No, it entirely depends on what I mean. I can mean 100% and you can rebut "maybe it's a fake wedding" but that doesn't change that to my mind, I DO mean 100%.

    And a better example (since there are fewer variables), if I feel around my pocket and don't feel a coin, I am 100% certain that is no coin in my pocket and when I say "there is no coin in my pocket" I do mean that it is absolutely true. Again, we have to get to "Matrix" style "what if" before we can entertain that maybe there is a coin in my pocket.

    But either way, this really seems to be completely irrelevant to the supernatural debate we are having.

    To be clear, I am using "possibly" along the lines of "maybe", not "Since we might be in the Matrix any tiny likelihood must be considered". I don't say "there's possibly a coin in my pocket" if I've have solid evidence that there is no coin in my pocket. I don't say "Maybe the Earth isn't round" after seeing all of the solid evidence that conclusively shows that it is round. Again, one COULD use "possibly" that way and posit that since it's not a metaphysical certainty that I've not been fed a steady diet of falsehoods regarding the shape of the Earth, such as fake photographs and moving images and the rest of the world is either in on the conspiracy or are likewise fooled, it's "possible" that the Earth is not round. But two people in a debate can certainly agree to NOT use "possibly" in that fashion and I am not using it in that fashion so I think that settles the issue.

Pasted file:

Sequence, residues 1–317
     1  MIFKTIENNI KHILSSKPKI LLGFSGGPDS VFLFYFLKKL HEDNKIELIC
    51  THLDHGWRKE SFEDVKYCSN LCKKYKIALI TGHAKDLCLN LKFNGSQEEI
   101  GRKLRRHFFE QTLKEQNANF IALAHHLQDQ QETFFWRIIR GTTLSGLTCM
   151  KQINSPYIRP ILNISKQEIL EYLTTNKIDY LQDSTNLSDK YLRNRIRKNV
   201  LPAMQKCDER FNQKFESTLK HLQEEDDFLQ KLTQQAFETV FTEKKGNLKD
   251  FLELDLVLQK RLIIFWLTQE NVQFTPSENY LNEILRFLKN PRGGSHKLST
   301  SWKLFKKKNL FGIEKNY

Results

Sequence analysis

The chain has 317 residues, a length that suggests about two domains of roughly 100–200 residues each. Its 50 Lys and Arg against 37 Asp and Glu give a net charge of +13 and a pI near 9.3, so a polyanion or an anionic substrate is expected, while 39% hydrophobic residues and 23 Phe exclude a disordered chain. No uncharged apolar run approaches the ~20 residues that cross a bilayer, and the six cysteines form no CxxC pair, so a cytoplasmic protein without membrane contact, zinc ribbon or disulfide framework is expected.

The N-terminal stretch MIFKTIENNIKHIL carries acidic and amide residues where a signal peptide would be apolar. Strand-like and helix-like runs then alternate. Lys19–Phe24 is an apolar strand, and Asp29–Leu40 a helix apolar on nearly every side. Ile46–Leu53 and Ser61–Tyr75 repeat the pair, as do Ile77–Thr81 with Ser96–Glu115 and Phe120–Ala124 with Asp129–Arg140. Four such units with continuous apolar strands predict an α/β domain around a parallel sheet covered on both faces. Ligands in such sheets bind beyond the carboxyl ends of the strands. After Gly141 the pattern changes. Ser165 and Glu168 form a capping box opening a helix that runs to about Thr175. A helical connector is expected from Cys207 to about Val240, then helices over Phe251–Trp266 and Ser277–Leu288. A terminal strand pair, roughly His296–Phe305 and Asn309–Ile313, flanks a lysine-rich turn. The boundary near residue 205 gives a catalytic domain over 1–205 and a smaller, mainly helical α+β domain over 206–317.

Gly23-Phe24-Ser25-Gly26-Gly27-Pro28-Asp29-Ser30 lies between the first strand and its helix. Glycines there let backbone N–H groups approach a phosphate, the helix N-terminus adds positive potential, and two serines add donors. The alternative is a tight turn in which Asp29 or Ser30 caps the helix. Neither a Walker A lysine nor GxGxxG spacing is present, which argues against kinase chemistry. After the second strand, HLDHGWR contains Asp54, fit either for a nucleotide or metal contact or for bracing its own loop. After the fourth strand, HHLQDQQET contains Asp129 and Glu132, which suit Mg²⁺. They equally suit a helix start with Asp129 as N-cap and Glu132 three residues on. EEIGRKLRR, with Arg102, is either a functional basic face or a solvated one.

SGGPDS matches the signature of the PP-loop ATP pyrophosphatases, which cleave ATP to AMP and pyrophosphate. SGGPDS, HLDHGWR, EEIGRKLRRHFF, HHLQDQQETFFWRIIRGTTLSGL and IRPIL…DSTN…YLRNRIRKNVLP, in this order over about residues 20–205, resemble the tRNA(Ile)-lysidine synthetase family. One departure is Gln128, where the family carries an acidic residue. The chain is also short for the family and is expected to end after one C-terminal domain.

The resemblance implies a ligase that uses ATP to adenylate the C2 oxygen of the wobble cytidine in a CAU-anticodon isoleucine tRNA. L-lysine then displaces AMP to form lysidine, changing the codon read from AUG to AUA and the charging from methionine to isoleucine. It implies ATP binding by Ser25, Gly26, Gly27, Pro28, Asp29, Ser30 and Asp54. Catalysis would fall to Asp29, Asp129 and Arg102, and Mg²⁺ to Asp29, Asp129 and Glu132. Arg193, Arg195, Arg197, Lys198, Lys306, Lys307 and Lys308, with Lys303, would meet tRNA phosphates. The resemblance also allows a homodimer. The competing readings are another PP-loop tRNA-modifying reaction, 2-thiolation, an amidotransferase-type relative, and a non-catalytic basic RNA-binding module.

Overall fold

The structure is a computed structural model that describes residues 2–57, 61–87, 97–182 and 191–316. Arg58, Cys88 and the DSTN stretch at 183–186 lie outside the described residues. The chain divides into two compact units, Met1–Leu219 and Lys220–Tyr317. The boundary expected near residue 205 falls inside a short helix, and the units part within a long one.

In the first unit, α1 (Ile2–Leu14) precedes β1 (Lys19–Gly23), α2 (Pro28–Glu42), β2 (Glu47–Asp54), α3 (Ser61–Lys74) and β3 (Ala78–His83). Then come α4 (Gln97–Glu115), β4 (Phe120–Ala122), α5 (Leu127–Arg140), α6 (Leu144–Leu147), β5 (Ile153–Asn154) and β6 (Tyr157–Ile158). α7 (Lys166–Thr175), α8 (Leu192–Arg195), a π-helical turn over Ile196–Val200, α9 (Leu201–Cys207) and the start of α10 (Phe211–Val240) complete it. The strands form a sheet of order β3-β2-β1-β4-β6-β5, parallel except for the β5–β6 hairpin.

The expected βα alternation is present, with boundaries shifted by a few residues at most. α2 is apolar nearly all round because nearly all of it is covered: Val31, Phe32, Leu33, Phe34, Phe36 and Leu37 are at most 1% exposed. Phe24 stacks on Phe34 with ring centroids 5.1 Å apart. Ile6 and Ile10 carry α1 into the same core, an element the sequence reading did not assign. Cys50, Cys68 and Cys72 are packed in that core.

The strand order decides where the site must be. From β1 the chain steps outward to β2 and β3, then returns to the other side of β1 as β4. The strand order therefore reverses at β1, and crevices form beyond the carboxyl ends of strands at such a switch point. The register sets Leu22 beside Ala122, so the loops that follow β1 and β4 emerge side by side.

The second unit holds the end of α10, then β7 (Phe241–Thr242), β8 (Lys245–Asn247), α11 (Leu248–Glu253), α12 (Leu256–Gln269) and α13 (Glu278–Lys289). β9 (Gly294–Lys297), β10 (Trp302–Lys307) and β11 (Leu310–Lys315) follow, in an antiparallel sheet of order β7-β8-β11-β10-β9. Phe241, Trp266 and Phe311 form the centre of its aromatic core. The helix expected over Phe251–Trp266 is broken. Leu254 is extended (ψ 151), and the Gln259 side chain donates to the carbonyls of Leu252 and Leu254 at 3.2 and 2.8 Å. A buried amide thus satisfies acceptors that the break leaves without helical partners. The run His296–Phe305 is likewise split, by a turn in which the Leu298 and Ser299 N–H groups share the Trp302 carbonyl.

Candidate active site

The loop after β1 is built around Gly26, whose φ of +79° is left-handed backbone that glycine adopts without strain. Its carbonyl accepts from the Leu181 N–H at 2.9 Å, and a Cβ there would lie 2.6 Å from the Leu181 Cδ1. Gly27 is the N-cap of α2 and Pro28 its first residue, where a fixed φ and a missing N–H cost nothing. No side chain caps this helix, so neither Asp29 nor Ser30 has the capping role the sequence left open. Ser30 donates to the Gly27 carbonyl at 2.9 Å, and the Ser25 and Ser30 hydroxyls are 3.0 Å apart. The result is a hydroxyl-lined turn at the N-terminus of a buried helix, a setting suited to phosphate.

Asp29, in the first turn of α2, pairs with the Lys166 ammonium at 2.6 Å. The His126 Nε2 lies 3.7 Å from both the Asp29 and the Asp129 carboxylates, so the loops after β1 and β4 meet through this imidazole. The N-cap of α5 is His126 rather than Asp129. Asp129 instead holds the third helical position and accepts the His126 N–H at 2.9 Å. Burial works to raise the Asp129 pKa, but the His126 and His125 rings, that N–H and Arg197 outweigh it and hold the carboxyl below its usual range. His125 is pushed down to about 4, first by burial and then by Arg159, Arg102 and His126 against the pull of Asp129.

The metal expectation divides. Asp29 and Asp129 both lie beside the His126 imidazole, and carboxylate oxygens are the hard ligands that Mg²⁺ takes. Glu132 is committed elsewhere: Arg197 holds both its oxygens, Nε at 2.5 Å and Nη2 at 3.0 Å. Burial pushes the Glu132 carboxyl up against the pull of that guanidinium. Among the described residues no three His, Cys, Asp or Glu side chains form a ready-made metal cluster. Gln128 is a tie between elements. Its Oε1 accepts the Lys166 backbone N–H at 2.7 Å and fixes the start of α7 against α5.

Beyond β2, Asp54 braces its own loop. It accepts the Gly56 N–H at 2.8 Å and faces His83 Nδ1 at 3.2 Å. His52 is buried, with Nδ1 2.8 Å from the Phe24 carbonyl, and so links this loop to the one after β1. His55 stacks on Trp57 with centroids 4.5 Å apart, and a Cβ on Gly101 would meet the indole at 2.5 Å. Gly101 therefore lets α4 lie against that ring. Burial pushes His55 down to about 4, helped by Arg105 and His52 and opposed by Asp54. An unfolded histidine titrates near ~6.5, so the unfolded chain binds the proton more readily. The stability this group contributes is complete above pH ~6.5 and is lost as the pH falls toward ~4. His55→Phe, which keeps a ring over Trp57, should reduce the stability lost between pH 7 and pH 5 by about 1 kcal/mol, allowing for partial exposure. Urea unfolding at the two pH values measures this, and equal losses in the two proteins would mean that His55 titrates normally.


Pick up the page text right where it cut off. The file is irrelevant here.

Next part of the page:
Anyway, I think I'm done discussing this. If you want to get back to the issue at hand, go ahead. If not, I'll likely see you in the future on a different thread (or much later on this one).

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    Re: Supernatural?

    Quote Originally Posted by mican333 View Post